This week Sükrü led the discussion which focussed on root systems, algebraic groups and the Curtis-Tits Theorem.

Recall from an earlier week that given ${\alpha\in V=\mathbb{R}^n}$ and a positive definite bilinear form ${(.,.)}$ on ${V}$, we can define the reflection

$\displaystyle \sigma_{\alpha}:\beta\mapsto \beta-\frac{2(\alpha,\beta)}{(\alpha,\alpha)}\alpha$

Then a root system is a subset ${\Phi}$ of ${V}$ such that

1. ${\langle \Phi\rangle=V}$ and ${0\notin \Phi}$,
2. If ${\alpha\in\Phi}$ then the only scalar multiples of ${\alpha}$ in ${\Phi}$ are ${\pm \alpha}$,
3. ${\sigma_{\alpha}(\Phi)=\Phi}$ for all ${\alpha\in\Phi}$,
4. ${2(\alpha,\beta)/(\alpha,\alpha)\in\mathbb{Z}}$ for all ${\alpha,\beta\in\Phi}$.

A root system is called irreducible if it cannot be written as a disjoint union of ${\Phi_1}$ and ${\Phi_2}$ such that ${\langle \Phi_1\rangle \perp \langle \Phi_2\rangle}$.

A fundamental system is then a subset ${\Pi}$ of ${\Phi}$ which is a basis for ${V}$ and such that each element of ${\Phi}$ can be written as a linear combination of the elements of ${\Pi}$ such that the coefficients are either all nonnegative integers or all nonpositive integers.

The Dynkin diagram is the graph with ${n}$ vertices such that the ${i^{\mathrm{th}}}$ vertex is joined to the ${j^{\mathrm{th}}}$ vertex with strength

$\displaystyle n_{ij}=\frac{4(\alpha_i,\alpha_j)^2}{\alpha_i,\alpha_i)(\alpha_j,\alpha_j)}\in\mathbb{Z}$

Note that ${n_{ij}\in\{0,1,2,3\}}$. The table below shows what happens for each value of ${n_{ij}}$.

 ${n_{ij}}$ angle between ${\alpha_i}$ and ${\alpha_j}$ name of restriction of diagram to ${\{\alpha_i,\alpha_j\}}$ ${0}$ ${\pi/2}$ ${A_1\times A_1}$ ${1}$ ${\pi/3}$ ${A_2}$ ${2}$ ${\pi/4}$ ${B_2}$ ${3}$ ${\pi/6}$ ${G_2}$

Now let ${G=\mathrm{SL}_n(\overline{K})}$, where ${\overline{K}}$ is an algebraically closed field. A maximal torus ${T}$ is a subgroup maximal subject to being isomorphic to a subgroup of ${\overline{K}^{\times}\times\cdots \times \overline{K}^{\times}}$ and hence can be represented by all diagonal matrices. For each ${i,j\in\{1,\ldots,n\}}$ we can define

$\displaystyle \begin{array}{lcll} \alpha_{ij}:&T&\rightarrow &\overline{K}^{\times}\\ &\left(\begin{array}{ccc} \lambda_1 & &0\\ & \ddots &\\ 0& & \lambda_n\end{array}\right) & \mapsto & \lambda_i\lambda_j^{-1} \end{array}$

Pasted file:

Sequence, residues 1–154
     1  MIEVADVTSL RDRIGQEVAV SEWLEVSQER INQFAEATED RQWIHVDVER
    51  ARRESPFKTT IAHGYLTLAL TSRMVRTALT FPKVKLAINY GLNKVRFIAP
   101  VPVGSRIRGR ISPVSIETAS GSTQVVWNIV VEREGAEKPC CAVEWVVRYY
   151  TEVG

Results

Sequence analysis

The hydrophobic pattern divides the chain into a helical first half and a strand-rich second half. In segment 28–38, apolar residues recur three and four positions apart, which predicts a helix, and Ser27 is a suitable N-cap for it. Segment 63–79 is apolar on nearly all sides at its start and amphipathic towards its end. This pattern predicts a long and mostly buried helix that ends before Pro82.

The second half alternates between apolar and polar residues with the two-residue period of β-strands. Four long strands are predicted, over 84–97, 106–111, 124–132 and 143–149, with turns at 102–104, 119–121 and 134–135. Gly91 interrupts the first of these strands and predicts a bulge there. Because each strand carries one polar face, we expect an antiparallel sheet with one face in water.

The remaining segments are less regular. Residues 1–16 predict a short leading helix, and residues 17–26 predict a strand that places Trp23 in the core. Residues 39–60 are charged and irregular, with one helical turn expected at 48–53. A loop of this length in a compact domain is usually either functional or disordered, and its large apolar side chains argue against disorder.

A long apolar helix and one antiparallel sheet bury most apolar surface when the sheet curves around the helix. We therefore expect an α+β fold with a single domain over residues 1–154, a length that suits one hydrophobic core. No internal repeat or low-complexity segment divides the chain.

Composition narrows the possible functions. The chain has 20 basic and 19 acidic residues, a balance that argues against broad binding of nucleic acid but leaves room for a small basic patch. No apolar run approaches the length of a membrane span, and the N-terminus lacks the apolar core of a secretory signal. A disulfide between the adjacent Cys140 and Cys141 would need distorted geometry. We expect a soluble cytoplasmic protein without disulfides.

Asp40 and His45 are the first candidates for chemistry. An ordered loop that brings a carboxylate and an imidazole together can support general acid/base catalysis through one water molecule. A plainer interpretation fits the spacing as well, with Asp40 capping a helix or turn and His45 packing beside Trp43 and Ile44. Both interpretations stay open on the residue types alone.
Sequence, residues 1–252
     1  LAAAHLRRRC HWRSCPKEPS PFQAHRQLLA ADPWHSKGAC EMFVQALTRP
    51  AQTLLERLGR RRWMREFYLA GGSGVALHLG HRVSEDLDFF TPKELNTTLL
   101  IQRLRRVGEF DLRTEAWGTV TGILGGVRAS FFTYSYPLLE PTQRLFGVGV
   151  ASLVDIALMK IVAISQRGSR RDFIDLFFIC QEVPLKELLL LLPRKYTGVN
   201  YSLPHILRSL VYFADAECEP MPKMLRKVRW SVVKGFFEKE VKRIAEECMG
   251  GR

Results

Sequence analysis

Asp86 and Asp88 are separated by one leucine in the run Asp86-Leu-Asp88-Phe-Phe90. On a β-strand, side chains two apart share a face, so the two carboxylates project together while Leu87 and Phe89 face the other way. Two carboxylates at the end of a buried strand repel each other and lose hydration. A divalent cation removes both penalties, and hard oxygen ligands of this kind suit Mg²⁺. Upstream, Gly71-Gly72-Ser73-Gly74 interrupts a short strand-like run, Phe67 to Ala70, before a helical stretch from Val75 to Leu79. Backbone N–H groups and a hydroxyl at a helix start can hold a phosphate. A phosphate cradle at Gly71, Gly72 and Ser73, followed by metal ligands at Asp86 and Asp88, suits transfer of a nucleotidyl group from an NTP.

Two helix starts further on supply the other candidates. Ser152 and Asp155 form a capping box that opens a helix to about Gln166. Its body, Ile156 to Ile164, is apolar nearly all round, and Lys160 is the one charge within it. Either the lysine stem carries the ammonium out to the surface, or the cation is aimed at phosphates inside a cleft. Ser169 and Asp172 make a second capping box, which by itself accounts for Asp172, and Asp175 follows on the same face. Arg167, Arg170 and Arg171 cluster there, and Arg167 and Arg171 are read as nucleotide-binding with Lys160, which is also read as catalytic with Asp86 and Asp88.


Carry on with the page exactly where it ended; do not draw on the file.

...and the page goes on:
Let ${\Phi=\{\alpha_{ij}\mid i\neq j\}}$. The elements ${\alpha_{ij}}$ lie in the dual space ${E}$ of ${\overline{K}^n}$ and we can think of ${\Phi}$ as a subset of ${\mathbb{R}\otimes E}$, a vector space over ${\mathbb{R}}$. In this setting ${\Phi}$ is a root system with fundamental system ${\Pi=\{\alpha_{12},\alpha_{23},\ldots,\alpha_{n-1,n}\}}$.

An alternative way to see these roots is as follows. Let ${B}$ be a Borel subgroup of ${G}$, that is, a maximal connected solvable subgroup. Then ${B=UT}$ where ${U}$ is unipotent and normal in ${B}$, while ${T}$ is a torus. We can then choose a minimal ${T}$-invariant subgroup ${U_{\alpha}}$ of ${U}$. Then ${U_{\alpha}\cong \overline{K}^{+}}$. Since ${T}$ normalises ${U_{\alpha}}$ we obtain a map ${\alpha:T\rightarrow \mathrm{Aut}(\overline{K}^+)=\overline{K}^\times}$.

We can take ${B}$ to be the group of all upper triangular matrices and then ${U}$ is the subgroup of all upper triangular matrices such that the entries on the diagonal are all equal to 1, and ${T}$ is the subgroup of all diagonal matrices. Then there exists ${i,j}$ such that ${U_{\alpha}=\{X_{\alpha}(\lambda)=I+\lambda E_{ij}\mid \lambda\in \overline{K}\}}$. Now ${B}$ has a unique conjugate ${B^-}$ such that ${B\cap B^-=T}$ and then ${B^-=U^-T}$. The group ${B^-}$ is the group of all lower triangular matrices.

Note that for ${U_{\alpha_1}=\{I+\lambda E_{12}\mid \lambda\in \overline{K}\}}$ and ${U_{-\alpha_1}=\{I+\lambda E_{21}\mid \lambda\in \overline{K}\}}$ we have ${\langle U_{\alpha_1},U_{\alpha_2}\rangle=\mathrm{SL}_2(\overline{K})}$.

Now ${G=\mathrm{SL}_n(\overline{K})=\langle X_{\alpha}(\lambda)\mid \lambda\in\overline{K},\alpha\in\Phi\rangle}$. These generators are known as the Steinberg generators.

We can now state the Curtis-Tits Theorem.

Theorem Let ${\Phi}$ be an irreducible root system of rank at least 3 with fundamental system ${\Pi}$ and Dynkin diagram ${\Delta}$. Assume that ${G}$ is a group which satisfies the following conditions.

1. There exist subgroups ${K_{\alpha}=\langle U_{\alpha},U_{-\alpha}\rangle}$ for ${\alpha\in \Pi}$ with ${U_{\alpha}\cong U_{-\alpha}\cong K^+}$ for some field ${K}$ and ${K_{\alpha}/Z(K_{\alpha})\cong \mathrm{PSL}_2(K)}$ such that ${G=\langle K_{\alpha}\mid \alpha\in \Pi\rangle}$.
2. ${[K_{\alpha},K_{\alpha}]=1}$ if ${\alpha}$ and ${\beta}$ are not adjacent in the Dynkin diagram.
3. ${\langle K_{\alpha},K_\beta\rangle/Z\cong \mathrm{PSL}_3(K)}$ if ${\alpha}$ and ${\beta}$ are joined by a single bond.
4. ${\langle K_{\alpha},K_\beta\rangle/Z\cong\mathrm{PSp}_4(K)}$ if ${\alpha}$ and ${\beta}$ are joined by a double bond.
5. ${N_{K_{\alpha}}(U_{\alpha})\cap N_{K_{\alpha}}(U_{-\alpha})\leqslant N_G(U_{\beta})}$ for all ${\alpha,\beta\in \Pi}$.

Then there exists a group of Lie type ${\tilde{G}}$ with corresponding root system ${\Phi}$, fundamental system ${\Pi}$ and Dynkin diagram ${\Delta}$ and a surjective homomorphism from ${G}$ onto ${\tilde{G}}$.

We note it is possible to have ${K_{\alpha}}$ isomorphic to ${\mathrm{SL}_2(K)}$ or ${\mathrm{PSL}_2(K)}$. For example, for groups of Lie type with root systems of type ${B_n}$, the long roots all have ${K_{\alpha}\cong \mathrm{SL}_2(K)}$ while the short root has ${K_{\alpha}\cong \mathrm{PSL}_2(K)}$.

Sükrü will continue next week. He is also giving a Groups and Combinatorics seminar on Tuesday on related material.